Council OKs domestic partner benefits

September 16, 2011

 

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County News
Friday, 16 September 2011 13:15

 

 

By Fallan Patterson
Staff Writer
St. Cloud followed Kissimmee’s lead Sept. 8 and approved domestic partner benefits for city employees after as many as 10 workers requested the city extend the health coverage to unmarried and same-sex partners.
Employees had until Friday to apply for the benefits. As of Thursday, only two had done so, which would cost the city approximately $3,700 more for both employees, city spokeswoman Sandra Ramirez said. 

Previously, the city had budgeted $30,000 annually for domestic partner benefits to cover  employees who had expressed an interest in the new benefit, which would cover both unmarried heterosexual couples and those in same-sex relationships.
However, after a recalculation, it was discovered the cost increase to cover the additional person would be an average of $2,000 per participating employee, Ramirez said.

The benefits take effect Oct. 1, the beginning of the new fiscal year for St. Cloud.
The city looked into offering domestic partnership benefits “to ensure that the city maintained its credibility as an employer that establishes and preserves fair and equitable labor practices for all employees,” the enabling ordinance for the benefit stated.

The benefits policy passed 3-2, with Jarom Fertic and Mickey Hopper both opposing. Neither council member returned calls for comment on their vote.
Joe Saunders, field director for Equality Florida, a statewide lesbian, gay, bisexual and transgendered policy advocacy and education group, said he was elated by St. Cloud’s approval of the ordinance at the request of its employees.
“(The city) saw this is becoming the new standard and so they started creating the policy themselves,” Saunders, whose partner is from St. Cloud, said. “It isn’t just in the big cities like Orlando.”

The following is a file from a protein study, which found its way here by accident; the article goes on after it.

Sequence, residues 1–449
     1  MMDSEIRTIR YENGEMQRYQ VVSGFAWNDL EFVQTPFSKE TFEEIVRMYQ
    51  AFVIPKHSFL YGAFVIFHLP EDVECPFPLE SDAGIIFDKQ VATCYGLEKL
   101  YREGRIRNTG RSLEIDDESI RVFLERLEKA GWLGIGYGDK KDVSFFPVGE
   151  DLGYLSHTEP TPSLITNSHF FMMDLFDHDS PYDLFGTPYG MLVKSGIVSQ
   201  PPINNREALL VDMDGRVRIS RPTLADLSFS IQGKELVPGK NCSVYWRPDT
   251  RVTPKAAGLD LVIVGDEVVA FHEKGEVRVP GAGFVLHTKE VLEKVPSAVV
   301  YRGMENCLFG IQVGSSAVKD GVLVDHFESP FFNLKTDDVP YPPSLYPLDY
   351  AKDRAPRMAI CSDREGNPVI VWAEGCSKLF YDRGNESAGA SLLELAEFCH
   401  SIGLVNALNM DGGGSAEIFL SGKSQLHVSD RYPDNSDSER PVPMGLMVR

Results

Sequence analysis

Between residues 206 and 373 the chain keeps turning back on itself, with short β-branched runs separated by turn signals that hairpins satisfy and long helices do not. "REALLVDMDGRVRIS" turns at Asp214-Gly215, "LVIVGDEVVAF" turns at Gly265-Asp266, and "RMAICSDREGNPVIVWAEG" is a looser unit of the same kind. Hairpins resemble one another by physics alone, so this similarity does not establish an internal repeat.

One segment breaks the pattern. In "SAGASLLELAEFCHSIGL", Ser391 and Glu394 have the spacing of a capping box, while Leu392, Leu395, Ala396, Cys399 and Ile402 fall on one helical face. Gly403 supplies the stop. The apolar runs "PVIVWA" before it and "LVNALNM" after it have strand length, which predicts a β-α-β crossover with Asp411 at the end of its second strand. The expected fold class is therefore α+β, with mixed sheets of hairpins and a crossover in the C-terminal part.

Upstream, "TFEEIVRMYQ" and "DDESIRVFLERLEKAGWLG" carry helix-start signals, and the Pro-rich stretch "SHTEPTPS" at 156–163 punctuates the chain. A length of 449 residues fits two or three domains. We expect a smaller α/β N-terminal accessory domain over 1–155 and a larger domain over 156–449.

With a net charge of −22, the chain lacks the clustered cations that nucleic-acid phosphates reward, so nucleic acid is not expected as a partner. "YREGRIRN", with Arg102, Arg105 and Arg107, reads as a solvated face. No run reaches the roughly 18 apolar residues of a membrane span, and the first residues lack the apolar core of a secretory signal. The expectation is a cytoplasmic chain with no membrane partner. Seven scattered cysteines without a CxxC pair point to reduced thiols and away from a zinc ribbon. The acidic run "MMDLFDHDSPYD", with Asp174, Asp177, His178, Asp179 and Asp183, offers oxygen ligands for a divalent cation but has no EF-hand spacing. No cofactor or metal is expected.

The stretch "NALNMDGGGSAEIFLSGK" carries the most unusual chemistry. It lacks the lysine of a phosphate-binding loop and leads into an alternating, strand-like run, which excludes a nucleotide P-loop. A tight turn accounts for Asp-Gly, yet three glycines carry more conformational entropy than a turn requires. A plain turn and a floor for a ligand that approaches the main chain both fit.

Besides the two cities, other entities in the county offering the benefit are Toho Water Authority and Kissimmee Utility Authority. Saunders said he hopes these entities have set the standard for the Osceola County School District and Osceola County government to draft similar policies.

“We know these are some of the larger employers in the area,” Saunders said. “People need to understand that families come in all shapes and sizes. We are seeing across Florida that more and more policy is beginning to reflect public opinion.”

Setting the standard
Kissimmee City Commissioner Cheryl Grieb was surprised to learn after her election in 2006 that employees had never asked the human resources department about domestic partner benefits. She brought the idea to the commission and it passed in March 2010 as the first government entity in Osceola County to offer health benefits to domestic partners.

While Grieb has been with her partner for 19 years, Kissimmee’s policy was less about her, she said, than those working for the city.

“As a city commissioner, my job is to do the best for all the people. I don’t get to pick and choose who I represent,” Grieb said. “These are our employees who make us look good on a daily basis. Who they fall in love with doesn’t change who they are (and) what they do."

Grieb said she was pleased that St. Cloud, a city that once had a visible Ku Klux Klan presence with parades in the 1980s, had evolved enough in 30 years to set policy for domestic partnerships.

“Its acknowledging the fact that we do have people who are not under marriage as we know it and that they are just as important. This is one little, extra step,” Grieb said. “That’s why this is so great for St. Cloud, because of what (the city) stood for.”

 

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